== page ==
Stepping onto the blocks for his first race, Harquail wasn’t expecting much – he was just happy to be there. But Harquail achieved his personal bests in the 200 meter, 100 meter breaststroke and 200 meter individual medley. He ranked 16th fastest in the nation in the 100 meter breaststroke.
“It makes me feel like all the hard work has finally paid off,” says Harquail. “A lot of times during training, you aren’t getting anywhere, so when you do get tapered and pop a good swim, it feels amazing to find out that put me 16th in the nation.”
He started to gain the attention of several colleges, receiving recruitment emails from around the country, and he started to think about swimming as a potential future for himself
But a week later, everything changed after his convulsions at Matt Dishman Pool.
When he was first admitted to the hospital after the incident, Harquail had trouble sleeping.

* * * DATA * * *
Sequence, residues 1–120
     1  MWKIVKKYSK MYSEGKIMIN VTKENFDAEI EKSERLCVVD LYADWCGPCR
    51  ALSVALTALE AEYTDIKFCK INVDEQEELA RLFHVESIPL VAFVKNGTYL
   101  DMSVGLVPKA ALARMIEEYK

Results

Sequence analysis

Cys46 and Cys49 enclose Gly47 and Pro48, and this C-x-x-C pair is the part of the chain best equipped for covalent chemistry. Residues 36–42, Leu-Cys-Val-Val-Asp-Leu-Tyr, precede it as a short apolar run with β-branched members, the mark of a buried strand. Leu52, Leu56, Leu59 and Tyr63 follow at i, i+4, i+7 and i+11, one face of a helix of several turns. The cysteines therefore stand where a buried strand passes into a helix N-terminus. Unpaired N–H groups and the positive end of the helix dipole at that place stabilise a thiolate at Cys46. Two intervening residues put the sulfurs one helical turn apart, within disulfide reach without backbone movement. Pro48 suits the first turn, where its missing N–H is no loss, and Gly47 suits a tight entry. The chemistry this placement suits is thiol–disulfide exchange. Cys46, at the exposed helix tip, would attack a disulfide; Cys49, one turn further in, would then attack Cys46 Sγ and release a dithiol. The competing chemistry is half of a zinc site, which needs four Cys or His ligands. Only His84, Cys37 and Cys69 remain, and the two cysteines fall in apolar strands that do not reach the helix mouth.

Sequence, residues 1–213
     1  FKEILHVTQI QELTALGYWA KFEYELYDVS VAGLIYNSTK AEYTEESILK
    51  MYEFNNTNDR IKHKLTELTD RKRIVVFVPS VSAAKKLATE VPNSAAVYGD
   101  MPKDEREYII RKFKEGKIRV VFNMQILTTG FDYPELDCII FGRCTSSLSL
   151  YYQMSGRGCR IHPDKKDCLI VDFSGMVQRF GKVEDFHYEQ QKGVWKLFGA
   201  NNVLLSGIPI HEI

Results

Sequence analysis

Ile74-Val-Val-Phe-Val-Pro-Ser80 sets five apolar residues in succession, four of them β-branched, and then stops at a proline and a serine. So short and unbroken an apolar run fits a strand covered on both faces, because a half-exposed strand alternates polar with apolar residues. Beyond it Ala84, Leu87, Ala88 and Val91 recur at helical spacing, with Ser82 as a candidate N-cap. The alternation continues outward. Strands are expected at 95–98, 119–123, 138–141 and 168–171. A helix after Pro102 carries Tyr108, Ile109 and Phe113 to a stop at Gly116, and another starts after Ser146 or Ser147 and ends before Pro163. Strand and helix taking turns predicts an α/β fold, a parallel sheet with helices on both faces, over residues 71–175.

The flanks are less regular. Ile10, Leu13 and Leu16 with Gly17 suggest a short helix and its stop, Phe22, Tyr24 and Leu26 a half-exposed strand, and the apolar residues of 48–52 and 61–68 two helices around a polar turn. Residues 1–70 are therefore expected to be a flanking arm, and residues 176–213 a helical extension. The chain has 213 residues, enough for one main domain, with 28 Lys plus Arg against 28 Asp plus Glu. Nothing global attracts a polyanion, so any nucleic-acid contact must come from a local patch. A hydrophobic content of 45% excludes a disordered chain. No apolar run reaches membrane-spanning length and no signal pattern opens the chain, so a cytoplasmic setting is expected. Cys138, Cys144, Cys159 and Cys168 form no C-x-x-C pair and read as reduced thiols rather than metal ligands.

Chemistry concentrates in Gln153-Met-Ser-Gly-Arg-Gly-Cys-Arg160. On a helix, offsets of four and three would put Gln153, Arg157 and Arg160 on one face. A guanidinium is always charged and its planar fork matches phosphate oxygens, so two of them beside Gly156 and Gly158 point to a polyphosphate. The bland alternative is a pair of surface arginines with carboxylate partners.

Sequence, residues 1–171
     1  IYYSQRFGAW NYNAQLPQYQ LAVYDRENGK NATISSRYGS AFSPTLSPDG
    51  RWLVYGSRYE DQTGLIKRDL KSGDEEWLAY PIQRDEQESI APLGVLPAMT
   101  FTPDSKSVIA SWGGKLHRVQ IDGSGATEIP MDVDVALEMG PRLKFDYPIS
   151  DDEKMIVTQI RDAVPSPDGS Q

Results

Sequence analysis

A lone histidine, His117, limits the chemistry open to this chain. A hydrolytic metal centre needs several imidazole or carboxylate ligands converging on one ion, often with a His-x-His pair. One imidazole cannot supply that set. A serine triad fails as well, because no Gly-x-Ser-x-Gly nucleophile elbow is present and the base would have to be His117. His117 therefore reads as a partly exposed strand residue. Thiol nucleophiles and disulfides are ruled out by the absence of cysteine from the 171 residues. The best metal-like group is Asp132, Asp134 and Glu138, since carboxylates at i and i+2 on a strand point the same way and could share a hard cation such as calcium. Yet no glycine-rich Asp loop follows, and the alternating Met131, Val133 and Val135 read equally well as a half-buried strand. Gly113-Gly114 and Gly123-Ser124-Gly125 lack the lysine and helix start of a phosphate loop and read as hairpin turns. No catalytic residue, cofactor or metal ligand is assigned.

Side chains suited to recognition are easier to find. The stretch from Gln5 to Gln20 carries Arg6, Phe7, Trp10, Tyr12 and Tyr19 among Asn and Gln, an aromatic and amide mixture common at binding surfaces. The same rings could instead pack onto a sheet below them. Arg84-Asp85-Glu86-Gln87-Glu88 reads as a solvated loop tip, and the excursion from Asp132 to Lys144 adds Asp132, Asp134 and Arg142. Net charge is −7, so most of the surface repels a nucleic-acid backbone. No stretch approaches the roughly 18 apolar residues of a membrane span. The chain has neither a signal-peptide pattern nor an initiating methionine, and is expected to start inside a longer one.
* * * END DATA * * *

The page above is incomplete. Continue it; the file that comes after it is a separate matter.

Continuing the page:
“I told (my mom), ‘I’m worried if I go to sleep, I won’t wake up again,’” says Harquail.
The next day doctors had to perform a lumbar puncture on Harquail – a medical procedure done to determine if a patient has meningitis. But the doctors mishandled the procedure, and Harquail started to experience immense pain throughout his lower back and head.
After a full week in the hospital, the doctors diagnosed Harquail with conversion disorder, a neurological disorder caused by stress or an emotional crisis.
His parents and even his pediatrician questioned the diagnosis.
Harquail’s pediatrician told him that she thought he had experienced the spasms because he swam the day after he received the HPV shot – intense exercise after the shot can sometimes lead to dangerous side effects.
While recovering at home, Harquail would seize up at random times throughout the day. The mix of exhaustion and pain made it nearly impossible for him to move. As Harquail slowly got better, resting gave him enough strength to walk around. His first thought was to jump in the pool.
“As long as the doctors allowed it, I wanted to get back in and start rebuilding strength,” says Harquail.